According to a recent Gallup report, more than half of Millennials are looking for a new job. And that same report makes clear as employees of that generation don’t want bosses. They want coaches—people who can help them develop their abilities and contribute to meaningful work. That means Baby Boomer’s in leadership roles need to approach them differently than they might have wanted to be lead themselves. So besides realizing not all Millennials (just like Boomers) aren’t all the same, what should Baby Boomer’s do if they want to effectively recruit and retain and coach Millennial.
First, leaders must realize a paycheck alone won’t result in an engaged Millennial team member—or probably anyone else these days. Those employees also want to know how their work impacts the organization’s stakeholders—owners, customers, other employees and their communities. They want to know why and how fulfilling an organizational mission makes the world a better place—and how their working in that organization contributes to fulfilling that mission. There are endless possibilities for coaches to connect those concerns, including: how an employee’s work may allow the organization to be generous to community and non-profit organizations, or how their work might be helping make a safer, more reliable product that give its customer’s peace of mind. The key here is tying the individual’s work and their own sense of purpose with the organization’s mission.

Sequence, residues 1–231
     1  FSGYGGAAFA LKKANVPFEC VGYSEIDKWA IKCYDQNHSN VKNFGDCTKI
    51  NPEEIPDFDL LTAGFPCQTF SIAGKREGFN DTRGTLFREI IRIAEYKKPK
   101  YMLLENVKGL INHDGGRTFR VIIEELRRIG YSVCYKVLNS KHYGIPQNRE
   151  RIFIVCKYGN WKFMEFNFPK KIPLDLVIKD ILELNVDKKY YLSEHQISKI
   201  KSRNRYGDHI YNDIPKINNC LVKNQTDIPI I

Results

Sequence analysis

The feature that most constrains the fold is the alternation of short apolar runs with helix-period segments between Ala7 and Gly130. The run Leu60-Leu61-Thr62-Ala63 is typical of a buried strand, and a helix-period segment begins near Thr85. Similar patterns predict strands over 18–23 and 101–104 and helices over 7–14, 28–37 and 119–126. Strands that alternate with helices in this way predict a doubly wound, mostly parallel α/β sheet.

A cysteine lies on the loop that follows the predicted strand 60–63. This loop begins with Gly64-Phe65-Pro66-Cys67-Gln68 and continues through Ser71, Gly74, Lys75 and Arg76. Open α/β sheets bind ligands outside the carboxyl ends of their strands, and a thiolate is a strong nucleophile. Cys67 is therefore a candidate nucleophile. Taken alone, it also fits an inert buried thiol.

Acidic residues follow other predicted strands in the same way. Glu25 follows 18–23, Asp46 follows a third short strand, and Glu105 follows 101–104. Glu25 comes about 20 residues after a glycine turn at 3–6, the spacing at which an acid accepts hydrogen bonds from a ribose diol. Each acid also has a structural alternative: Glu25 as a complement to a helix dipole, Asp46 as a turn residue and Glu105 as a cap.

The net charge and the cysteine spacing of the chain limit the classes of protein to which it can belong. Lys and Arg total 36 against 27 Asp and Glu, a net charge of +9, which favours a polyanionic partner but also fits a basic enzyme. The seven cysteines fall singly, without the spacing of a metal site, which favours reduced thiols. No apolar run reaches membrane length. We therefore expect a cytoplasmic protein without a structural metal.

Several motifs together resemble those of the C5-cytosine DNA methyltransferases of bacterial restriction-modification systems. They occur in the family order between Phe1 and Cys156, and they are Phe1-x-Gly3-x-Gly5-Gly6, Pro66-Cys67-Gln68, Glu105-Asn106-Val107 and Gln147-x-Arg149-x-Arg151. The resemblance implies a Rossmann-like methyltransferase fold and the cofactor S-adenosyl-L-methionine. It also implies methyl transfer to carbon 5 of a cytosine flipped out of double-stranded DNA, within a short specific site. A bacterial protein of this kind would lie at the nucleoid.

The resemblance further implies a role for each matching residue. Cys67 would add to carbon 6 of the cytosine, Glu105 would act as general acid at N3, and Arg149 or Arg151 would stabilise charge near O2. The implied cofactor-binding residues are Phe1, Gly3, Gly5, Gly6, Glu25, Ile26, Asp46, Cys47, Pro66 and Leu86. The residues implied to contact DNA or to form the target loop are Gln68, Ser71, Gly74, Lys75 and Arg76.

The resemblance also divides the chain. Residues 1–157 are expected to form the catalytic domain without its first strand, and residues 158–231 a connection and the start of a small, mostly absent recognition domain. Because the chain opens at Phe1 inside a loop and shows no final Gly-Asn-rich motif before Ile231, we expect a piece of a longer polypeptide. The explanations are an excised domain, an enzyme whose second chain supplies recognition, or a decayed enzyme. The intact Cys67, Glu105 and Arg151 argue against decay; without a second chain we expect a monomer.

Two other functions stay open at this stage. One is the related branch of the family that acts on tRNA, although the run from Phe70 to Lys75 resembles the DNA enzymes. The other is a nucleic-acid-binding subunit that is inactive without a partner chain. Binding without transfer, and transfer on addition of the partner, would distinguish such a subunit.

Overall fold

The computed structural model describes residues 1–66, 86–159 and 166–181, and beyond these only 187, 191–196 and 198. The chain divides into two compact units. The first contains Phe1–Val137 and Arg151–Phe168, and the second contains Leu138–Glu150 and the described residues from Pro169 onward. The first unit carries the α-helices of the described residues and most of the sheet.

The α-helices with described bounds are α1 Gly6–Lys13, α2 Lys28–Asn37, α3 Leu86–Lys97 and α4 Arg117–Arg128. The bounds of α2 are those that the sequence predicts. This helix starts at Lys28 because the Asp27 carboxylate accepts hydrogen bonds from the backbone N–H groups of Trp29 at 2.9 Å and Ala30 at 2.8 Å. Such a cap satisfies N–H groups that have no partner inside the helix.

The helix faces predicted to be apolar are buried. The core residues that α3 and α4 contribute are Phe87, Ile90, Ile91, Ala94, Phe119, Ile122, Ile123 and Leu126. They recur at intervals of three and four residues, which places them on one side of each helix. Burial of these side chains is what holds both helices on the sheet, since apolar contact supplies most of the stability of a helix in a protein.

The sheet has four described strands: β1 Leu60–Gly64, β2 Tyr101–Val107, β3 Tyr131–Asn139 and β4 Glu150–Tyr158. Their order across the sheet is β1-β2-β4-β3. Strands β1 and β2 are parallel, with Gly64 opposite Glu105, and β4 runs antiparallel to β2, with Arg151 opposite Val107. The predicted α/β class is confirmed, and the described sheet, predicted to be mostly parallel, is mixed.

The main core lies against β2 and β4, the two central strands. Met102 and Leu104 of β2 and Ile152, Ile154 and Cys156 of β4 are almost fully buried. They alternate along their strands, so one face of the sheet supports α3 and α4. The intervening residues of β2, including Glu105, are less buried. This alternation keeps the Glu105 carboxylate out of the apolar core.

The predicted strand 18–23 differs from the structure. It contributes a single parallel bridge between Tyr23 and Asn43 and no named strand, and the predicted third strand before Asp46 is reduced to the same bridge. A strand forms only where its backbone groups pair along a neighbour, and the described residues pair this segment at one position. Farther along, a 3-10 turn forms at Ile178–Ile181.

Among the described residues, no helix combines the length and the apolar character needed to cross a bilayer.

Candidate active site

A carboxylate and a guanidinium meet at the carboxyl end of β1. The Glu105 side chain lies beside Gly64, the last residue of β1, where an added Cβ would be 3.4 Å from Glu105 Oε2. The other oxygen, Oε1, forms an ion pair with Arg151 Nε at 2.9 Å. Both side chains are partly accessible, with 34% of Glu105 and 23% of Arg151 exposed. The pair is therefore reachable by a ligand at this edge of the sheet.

Second, leaders have to get to know their Millennial team members as people, not as a monolithic generation. Gone are the days when a good pension and health insurance meant an employee stayed with the organization for a lifetime. Now, more than ever, leaders and managers must invest in building genuine relationships with their Millennial team members. If roughly 80%, as Gallup also indicates, of an employee’s sense of engagement (and thus, their productivity) comes from their relationship with a manager, then retaining productive employees means leaders must invest in understanding their Millennial employee’s goals and values, helping those team members to achieve their dreams and live out their values. In doing so, these leaders can begin to coach their teammates in the context of that understanding, creating more institutional goodwill and reducing turnover.
Finally, these leaders should know annual reviews alone are a poor means of helping their Millennial team members understand their value to the organization. Effective coaching is an ongoing and very personal process—the frequency and fervor must go beyond simply achieving tactical institutional goals. It is built on a clear understanding of the employee’s goals and purpose and how they can best develop their skills and abilities, and how to develop them. In sports, coaches show their players how to execute a skill. Then they allow those players to demonstrate those skills. Once they have observed that attempt, great coaches give prompt, constructive—and sometimes very straightforward—feedback in a relationship that is built on trust and mutual respect.
Baby Boomer leaders should know that coaching your Millennial employees is simple. It’s just not easy. It will require a commitment of time, understanding, and a willingness for these leaders to accept their inter-generational differences in communication styles and values.Which means these leaders will have to adjust their strategies and tactics if they want to recruit, retain, and develop the Millennial generation talent. Doing such things will, with time, become a clear differentiator to Millennials—and for Baby Boomer leaders and their organizations—creating an environment where people the get to come to work rather than have to come to work.